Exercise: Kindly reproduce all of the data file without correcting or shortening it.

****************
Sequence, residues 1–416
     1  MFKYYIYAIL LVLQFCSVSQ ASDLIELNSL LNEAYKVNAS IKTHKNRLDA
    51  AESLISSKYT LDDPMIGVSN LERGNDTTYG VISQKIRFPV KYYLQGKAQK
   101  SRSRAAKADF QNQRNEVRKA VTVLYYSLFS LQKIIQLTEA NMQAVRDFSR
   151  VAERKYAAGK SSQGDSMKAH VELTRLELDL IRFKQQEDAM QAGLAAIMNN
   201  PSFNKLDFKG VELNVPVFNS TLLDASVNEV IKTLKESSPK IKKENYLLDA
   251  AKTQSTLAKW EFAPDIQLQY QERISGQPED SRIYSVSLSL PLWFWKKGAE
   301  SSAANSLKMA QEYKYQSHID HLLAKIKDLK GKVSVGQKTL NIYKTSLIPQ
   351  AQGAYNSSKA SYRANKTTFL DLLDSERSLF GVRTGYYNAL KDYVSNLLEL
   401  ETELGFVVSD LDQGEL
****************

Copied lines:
Sequence, residues 1–416
     1  MFKYYIYAIL LVLQFCSVSQ ASDLIELNSL LNEAYKVNAS IKTHKNRLDA
    51  AESLISSKYT LDDPMIGVSN LERGNDTTYG VISQKIRFPV KYYLQGKAQK
   101  SRSRAAKADF QNQRNEVRKA VTVLYYSLFS LQKIIQLTEA NMQAVRDFSR
   151  VAERKYAAGK SSQGDSMKAH VELTRLELDL IRFKQQEDAM QAGLAAIMNN
   201  PSFNKLDFKG VELNVPVFNS TLLDASVNEV IKTLKESSPK IKKENYLLDA
   251  AKTQSTLAKW EFAPDIQLQY QERISGQPED SRIYSVSLSL PLWFWKKGAE
   301  SSAANSLKMA QEYKYQSHID HLLAKIKDLK GKVSVGQKTL NIYKTSLIPQ
   351  AQGAYNSSKA SYRANKTTFL DLLDSERSLF GVRTGYYNAL KDYVSNLLEL
   401  ETELGFVVSD LDQGEL